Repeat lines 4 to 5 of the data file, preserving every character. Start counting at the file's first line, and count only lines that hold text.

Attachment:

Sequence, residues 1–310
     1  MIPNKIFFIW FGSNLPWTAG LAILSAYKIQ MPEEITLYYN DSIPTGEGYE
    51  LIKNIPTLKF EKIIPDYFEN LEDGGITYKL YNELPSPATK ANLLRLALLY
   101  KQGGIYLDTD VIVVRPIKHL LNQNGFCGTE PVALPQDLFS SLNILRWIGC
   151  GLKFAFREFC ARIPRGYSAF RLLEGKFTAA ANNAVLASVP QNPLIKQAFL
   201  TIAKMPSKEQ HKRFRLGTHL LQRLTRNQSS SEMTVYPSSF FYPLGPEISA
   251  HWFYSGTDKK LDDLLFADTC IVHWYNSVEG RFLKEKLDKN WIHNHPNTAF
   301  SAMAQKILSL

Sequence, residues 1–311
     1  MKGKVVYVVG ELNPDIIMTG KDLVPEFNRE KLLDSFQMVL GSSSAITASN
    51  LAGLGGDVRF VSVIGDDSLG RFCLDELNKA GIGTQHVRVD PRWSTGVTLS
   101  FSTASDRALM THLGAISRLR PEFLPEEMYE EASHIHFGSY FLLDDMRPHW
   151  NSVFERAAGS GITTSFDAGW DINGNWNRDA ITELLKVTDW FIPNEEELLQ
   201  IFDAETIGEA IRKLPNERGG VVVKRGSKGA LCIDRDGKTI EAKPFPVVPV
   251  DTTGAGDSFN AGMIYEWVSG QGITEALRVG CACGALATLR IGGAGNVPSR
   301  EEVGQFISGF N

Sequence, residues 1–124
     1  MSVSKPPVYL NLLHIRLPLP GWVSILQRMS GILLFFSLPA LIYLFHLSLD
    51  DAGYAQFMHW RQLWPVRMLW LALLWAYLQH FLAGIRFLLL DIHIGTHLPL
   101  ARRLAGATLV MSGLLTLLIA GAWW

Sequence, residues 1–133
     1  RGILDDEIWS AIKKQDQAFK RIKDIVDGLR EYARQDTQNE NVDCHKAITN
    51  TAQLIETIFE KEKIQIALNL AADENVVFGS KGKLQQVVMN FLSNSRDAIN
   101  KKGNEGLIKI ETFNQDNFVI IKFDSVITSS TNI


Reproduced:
   101  KQGGIYLDTD VIVVRPIKHL LNQNGFCGTE PVALPQDLFS SLNILRWIGC
   151  GLKFAFREFC ARIPRGYSAF RLLEGKFTAA ANNAVLASVP QNPLIKQAFL